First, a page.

Also puzzling is the crowd noise. The applause sounds a heck of a lot more like the audience at Covent Garden applauding the concertmaster when he precedes the conductor onto the stage than it does the crowd at Old Trafford screaming hysterically as Alan Shearer converts Sol Campbell's bizarre handball into a place for Newcastle in the F.A. Cup Final. What's worse, the crowd often loudly boos the referee for failing to award a free kick for a hard tackle, even if the offender is on the home side! And all of this after EA producer Kerry Whelan was quoted in the New York Times as saying that crowd noises were one of the specific game areas under development. "If you just scored your 19th goal against Lichtenstein [sic], the crowd isn't going to be very excited,"Whelan says. Gee, that's great. So what will they get excited about? Chelsea's injury-time winner at Stamford Bridge against Arsenal? Yes? Then why do they sound like they're applauding the Academy of St. Martin-in-the-Fields? Neville Marriner doesn't play soccer.
If the audio serves to detract from the game's portrayal of soccer, the video does the opposite. The subtle improvements from FIFA 99 add up to a game which resembles actual soccer action much more than its predecessors. First, the players' body movements are far more convincing. Players shoulder charge, shield the ball with their bodies, and hold off defenders with their arms as they try to fend off challenges. You can even control a player's arm shielding, and as you try and touch the ball past an opposing player the game acts very much like an actual soccer game. In addition, while you shield the ball, your skill move options are different from when you are in free space. What the player faces do for the close-ups, the player movements do for the gameplay.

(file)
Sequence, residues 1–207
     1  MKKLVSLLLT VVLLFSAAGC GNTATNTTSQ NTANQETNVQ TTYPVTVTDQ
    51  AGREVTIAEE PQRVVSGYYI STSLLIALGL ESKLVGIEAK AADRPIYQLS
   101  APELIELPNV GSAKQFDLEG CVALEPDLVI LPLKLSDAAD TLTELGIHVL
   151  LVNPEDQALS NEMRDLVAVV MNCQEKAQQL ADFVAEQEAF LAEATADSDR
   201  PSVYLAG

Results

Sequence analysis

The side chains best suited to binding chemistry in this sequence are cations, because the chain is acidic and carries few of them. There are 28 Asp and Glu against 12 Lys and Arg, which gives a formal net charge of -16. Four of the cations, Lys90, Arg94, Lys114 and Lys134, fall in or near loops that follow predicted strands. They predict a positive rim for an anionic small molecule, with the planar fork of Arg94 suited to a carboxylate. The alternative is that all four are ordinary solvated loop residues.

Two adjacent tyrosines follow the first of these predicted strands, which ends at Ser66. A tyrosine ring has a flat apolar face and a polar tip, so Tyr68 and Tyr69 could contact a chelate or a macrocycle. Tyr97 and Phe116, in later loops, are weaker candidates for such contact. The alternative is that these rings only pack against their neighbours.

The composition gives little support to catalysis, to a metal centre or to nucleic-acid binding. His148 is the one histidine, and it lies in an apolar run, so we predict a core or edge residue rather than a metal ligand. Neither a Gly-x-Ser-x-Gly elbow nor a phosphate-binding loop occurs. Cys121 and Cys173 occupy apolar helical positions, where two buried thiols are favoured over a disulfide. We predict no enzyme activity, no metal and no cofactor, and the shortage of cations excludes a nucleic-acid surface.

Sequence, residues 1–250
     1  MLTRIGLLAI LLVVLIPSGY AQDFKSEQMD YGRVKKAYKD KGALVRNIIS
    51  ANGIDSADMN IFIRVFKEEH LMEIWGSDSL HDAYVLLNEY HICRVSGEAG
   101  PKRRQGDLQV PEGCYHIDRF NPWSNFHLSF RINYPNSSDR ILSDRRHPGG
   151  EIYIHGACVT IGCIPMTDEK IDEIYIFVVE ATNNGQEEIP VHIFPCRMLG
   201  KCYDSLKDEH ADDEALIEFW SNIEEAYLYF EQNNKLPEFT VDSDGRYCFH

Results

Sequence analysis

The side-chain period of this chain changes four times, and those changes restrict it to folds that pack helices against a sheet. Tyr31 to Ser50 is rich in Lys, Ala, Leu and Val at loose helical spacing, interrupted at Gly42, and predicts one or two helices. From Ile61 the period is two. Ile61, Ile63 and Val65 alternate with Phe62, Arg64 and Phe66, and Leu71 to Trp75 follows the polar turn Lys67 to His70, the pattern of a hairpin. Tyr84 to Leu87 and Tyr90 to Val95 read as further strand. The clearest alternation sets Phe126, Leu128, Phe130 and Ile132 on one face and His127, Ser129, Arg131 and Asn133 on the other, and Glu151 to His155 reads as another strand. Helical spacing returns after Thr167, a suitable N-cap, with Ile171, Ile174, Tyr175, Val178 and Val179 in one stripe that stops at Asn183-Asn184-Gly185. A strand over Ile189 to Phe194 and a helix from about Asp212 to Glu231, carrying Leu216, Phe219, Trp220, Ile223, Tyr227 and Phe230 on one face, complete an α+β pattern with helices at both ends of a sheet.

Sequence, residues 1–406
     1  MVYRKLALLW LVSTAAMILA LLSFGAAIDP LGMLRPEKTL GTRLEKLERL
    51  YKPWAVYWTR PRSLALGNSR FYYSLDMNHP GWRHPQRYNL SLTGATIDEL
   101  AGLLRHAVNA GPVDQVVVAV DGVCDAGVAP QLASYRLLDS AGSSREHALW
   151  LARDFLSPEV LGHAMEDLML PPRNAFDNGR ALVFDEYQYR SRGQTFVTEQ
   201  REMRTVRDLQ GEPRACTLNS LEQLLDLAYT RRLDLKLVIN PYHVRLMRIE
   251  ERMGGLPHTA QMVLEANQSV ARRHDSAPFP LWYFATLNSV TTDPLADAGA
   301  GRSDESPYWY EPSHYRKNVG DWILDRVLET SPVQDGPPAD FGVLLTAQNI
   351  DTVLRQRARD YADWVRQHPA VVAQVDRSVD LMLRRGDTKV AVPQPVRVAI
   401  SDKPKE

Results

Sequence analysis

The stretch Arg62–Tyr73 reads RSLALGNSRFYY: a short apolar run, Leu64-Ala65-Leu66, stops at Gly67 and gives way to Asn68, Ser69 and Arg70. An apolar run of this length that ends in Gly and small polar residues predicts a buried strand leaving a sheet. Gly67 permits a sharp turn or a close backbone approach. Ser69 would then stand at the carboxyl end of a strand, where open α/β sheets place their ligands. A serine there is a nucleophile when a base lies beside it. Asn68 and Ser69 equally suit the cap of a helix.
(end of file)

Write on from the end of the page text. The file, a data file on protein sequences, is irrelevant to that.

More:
Furthermore, the tactical behavior of the players is much more realistic. Goalkeepers come out of the box to clear balls that have gotten behind the last defender. They also punch away free kicks believably. Passes are also more varied, and I have seen some nice backheels which left me applauding the EA animation crew. The soccer ball also acts more like it should: it deflects off of other players in a very realistic manner, and I have had shots deflected away for corners or passes knocked over to different players because the game accurately modeled the collisions. This part of the game is steadily improving, and is finally starting to really look authentic.